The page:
Nevada Representative Dina Titus (NV-1) has been on record many times reiterating her distaste for a federal framework for sports betting. After all, the state of Nevada has had legal casino-style gaming, including sports betting, since 1949. With nearly 70 years of experience under its belt, Nevada doesn’t need any (or want) any input from, well, novices. As the old saying goes, if ain’t broke, don’t fix it.
“I don’t think it’s a very good idea, it’s reinventing the wheel,” Titus told Sports Handle on Tuesday. “Nevada has been doing this for a long time and we do it very well. You’re going to have to start from whole cloth if you start from the federal level. The more states that move into this, and there are five already, the less appetite there would be for a federal framework.”
But with just about a month remaining in the current Congressional session, mid-term elections looming in November, and much bigger fish to fry — the Kavanaugh hearings, balancing the budget, settling the latest version of the farm bill — Congress is again dipping its toes into the world of sports betting.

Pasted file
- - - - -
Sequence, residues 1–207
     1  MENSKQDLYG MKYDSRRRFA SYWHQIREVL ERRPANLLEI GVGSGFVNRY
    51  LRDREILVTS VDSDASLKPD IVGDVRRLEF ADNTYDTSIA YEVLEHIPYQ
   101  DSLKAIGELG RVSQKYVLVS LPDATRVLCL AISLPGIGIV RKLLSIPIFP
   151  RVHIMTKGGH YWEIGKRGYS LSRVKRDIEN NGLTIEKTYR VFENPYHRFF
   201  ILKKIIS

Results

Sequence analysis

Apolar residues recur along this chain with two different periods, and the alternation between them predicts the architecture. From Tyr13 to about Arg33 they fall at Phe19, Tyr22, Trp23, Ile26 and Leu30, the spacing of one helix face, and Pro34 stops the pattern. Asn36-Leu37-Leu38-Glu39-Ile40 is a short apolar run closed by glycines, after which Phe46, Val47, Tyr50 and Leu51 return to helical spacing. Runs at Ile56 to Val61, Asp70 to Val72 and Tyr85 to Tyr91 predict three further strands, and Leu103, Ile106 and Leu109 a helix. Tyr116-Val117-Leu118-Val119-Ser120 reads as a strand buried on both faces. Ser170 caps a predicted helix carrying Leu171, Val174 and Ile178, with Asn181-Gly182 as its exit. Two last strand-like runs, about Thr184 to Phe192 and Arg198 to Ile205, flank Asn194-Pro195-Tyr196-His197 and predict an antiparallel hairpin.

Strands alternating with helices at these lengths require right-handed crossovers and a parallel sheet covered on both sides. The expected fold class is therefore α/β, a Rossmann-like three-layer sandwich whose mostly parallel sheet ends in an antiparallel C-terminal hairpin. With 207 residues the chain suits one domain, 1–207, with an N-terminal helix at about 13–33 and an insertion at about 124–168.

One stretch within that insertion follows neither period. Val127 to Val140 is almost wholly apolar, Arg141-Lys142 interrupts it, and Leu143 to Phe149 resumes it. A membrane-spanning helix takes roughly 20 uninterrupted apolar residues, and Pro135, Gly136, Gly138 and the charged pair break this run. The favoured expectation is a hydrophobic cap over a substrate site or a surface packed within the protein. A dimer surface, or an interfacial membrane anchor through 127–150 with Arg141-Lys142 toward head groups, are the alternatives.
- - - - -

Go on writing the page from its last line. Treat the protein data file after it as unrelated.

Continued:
Nevada’s Titus Says Federal Sports Betting Framework Just a Case of Starting From Scratch
Four months after the Supreme Court struck down the the Professional and Amateur Sports Protection Act (PASPA) on Tenth Amendment grounds, Congress is taking the first step at deciding whether to regulate an industry where regulation is already occurring in seven states, including Pennsylvania, where sports betting was legalized in 2017 (pending the SCOTUS decision) but regulators have not yet finalized the rules.
The House Judiciary Committee Subcommittee on Crime, Terrorism, Homeland Security and Investigations on Thursday will host a hearing titled “Post-PASPA: An Examination of Sports Betting in America.”